2. ARE OUR PREACHERS CARRYING THE BURDEN? Are preachers carrying the weight of the ministry? Are they shouldering the pressure of the budget, the vision, the values, the mission? Or are they simply communicating pre-packaged points? Last Sunday while preaching at Victory-Makati, I felt an overwhelming burden that I had 35 minutes to connect with those in the congregation. I had a heavy burden because the topic was so important. I was not just communicating information, I was preaching a sermon that had the potential to shape, redirect, and change lives. That is a heavy burden.

3. ARE OUR PREACHERS PREPARING THEIR OWN HEARTS? Preparing a sermon to preach is the easy part. Preparing our hearts to preach is difficult and often painful. I sometimes wonder if the time preachers spend working on slick Powerpoint and Keynote presentations, would be better spent on their faces before God. I also wonder if modern preachers spend too much time researching illustrations to make people laugh, rather than time searching the Scriptures for the original meaning of the text. Powerpoint pictures and funny stories do not change lives. God’s word brings change because it is “profitable for teaching, for reproof, for correction, and for training in righteousness.”

I get to work in Nashville, Manila, and around the world with some really great preachers. The reason they are so good, is because they constantly ask themselves the hard questions.

Not many of you should become teachers, my brothers, for you know that we who teach will be judged with greater strictness.  James 3:1 ESV

It pleased God through the folly of what we preached to save those who believe.  1 Corinthians 1:21

4 Questions to Identify Potential Leaders

MANILA. A consultant once asked me what I mean when I say that certain positions can only be filled by a “leader.” Without thinking I said I expect a leader to do the following:

1. OWN IT. Good or bad, success or failure, if it happened on their watch, real leaders own it. Everyone gladly accepts the honor and rewards of success, but when things go south, non-leaders make excuses and pass the buck. Real leaders own the mistakes and failures of the whole team. No passing the buck. No blame shifting. In other words, leaders take RESPONSIBILITY.

2. DO IT. Leaders don’t wait to be told what to do and how to do it. They just get it done. I am ok with leaders doing something wrong. I am not ok with leaders doing nothing. Doing nothing is not leadership. In other words, leaders take INITIATIVE.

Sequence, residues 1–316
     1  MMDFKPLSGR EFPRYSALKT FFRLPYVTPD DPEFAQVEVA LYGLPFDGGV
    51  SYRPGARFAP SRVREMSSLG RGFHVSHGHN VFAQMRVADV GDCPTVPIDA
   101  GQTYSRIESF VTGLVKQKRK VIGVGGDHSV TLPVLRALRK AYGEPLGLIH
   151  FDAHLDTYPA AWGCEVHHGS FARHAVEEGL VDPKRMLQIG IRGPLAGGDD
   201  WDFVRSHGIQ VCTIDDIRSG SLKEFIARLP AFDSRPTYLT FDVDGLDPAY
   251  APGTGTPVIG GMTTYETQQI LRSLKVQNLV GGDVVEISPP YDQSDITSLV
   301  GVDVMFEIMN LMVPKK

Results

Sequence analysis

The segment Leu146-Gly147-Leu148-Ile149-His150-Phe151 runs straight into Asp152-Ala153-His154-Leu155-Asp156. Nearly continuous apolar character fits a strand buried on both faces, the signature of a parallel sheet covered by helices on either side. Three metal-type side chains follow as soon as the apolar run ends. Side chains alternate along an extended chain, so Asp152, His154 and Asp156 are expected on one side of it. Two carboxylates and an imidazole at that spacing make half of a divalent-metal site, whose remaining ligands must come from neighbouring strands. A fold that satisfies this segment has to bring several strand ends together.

3. UPGRADE IT. Great leaders know when to call an audible. Non-leaders keep running the same play, even when it stopped working three years ago. Leaders figure out how to upgrade and make it better. In other words, leaders embrace INNOVATION.

4. DO IT NOW. The past is gone. The future is not yet. The only reality we have is to work with is the present. Non-leaders live in the past or the future, always talking about the good ole days or only talking about future vision. Real leaders act now. They don’t wait. In other words, leaders live with a sense of URGENCY.

Whether you have an impressive title or now, here are four questions that reveal if you are a leader:

When things go wrong, do you take responsibility or pass the blame?

When action is required, do you take initiative or wait for someone else to lead?

When standards are not met, do you embrace innovation or maintain the status quo?

When opportunity knocks, do you lead with urgency or passivity?

How to Create a Healthy Environment for Growth

I was recently talking to a pastor whose church was leaking people. As soon as a family joined the church, another family vanished. As we were trying discover the cause of the leak, I made up the following three points on the spot. I told my friend that as a leader, it is his responsibility to create and maintain a healthy environment for growth. Here’s the environment leaders must work for, pray for, and lead toward.

1. A sense of God’s PRESENCE must be experienced together. Spiritual leaders must value God’s presence as Moses did. “If your presence does not go with us, do not send us up from here.” (Exodus 33:15) As leaders we don’t create God’s presence, but we can plan and lead meetings that enable people to encounter God in a meaningful way. We can also plan and lead meetings in ways that obstruct meaningful encounters with God. Components of corporate worship that contribute to experiencing God’s presence include, but are not limited to the following: transformational preaching (vs. information transfer), empowered ministry time (vs. pastor doing all ministry), participatory worship (vs. concert-styled performance). If people do not experience God’s presence at our church, they will find another church.

2. A sense of MISSION must be accomplished together. People need to feel like their church is making the world a better place. Many churches are doing great things in regard to mission, but if their mission accomplishments are secrets, then the people will look elsewhere for their sense of mission. Healthy churches do local mission to the underprivileged and global mission to the unreached, they involve as many people as possible, then they over communicate so everyone can celebrate mission together.

3. A sense of COMMUNITY must be built together. All people need community. Some find it in church, many do not. Church community is best experienced through small group discipleship, corporate worship, and missional service. I recently blogged about the idea of mission creating community.